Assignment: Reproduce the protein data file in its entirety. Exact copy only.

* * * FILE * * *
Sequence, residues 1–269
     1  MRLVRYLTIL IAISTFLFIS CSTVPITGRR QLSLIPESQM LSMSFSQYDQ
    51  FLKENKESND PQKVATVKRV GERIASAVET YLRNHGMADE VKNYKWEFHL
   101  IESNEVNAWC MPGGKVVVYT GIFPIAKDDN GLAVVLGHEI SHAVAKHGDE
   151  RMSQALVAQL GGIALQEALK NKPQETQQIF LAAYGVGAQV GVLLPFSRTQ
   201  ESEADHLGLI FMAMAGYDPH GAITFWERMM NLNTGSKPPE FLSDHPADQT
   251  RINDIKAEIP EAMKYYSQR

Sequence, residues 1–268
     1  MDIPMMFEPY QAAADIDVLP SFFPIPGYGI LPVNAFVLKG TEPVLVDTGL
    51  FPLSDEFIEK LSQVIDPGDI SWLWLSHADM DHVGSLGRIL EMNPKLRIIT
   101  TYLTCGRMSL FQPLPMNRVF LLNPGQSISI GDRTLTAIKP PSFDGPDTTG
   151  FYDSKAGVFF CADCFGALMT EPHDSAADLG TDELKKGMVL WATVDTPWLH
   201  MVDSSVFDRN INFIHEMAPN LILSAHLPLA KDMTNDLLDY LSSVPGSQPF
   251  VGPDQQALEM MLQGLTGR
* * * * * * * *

Sequence, residues 1–269
     1  MRLVRYLTIL IAISTFLFIS CSTVPITGRR QLSLIPESQM LSMSFSQYDQ
    51  FLKENKESND PQKVATVKRV GERIASAVET YLRNHGMADE VKNYKWEFHL
   101  IESNEVNAWC MPGGKVVVYT GIFPIAKDDN GLAVVLGHEI SHAVAKHGDE
   151  RMSQALVAQL GGIALQEALK NKPQETQQIF LAAYGVGAQV GVLLPFSRTQ
   201  ESEADHLGLI FMAMAGYDPH GAITFWERMM NLNTGSKPPE FLSDHPADQT
   251  RINDIKAEIP EAMKYYSQR

Sequence, residues 1–268
     1  MDIPMMFEPY QAAADIDVLP SFFPIPGYGI LPVNAFVLKG TEPVLVDTGL
    51  FPLSDEFIEK LSQVIDPGDI SWLWLSHADM DHVGSLGRIL EMNPKLRIIT
   101  TYLTCGRMSL FQPLPMNRVF LLNPGQSISI GDRTLTAIKP PSFDGPDTTG
   151  FYDSKAGVFF CADCFGALMT EPHDSAADLG TDELKKGMVL WATVDTPWLH
   201  MVDSSVFDRN INFIHEMAPN LILSAHLPLA KDMTNDLLDY LSSVPGSQPF
   251  VGPDQQALEM MLQGLTGR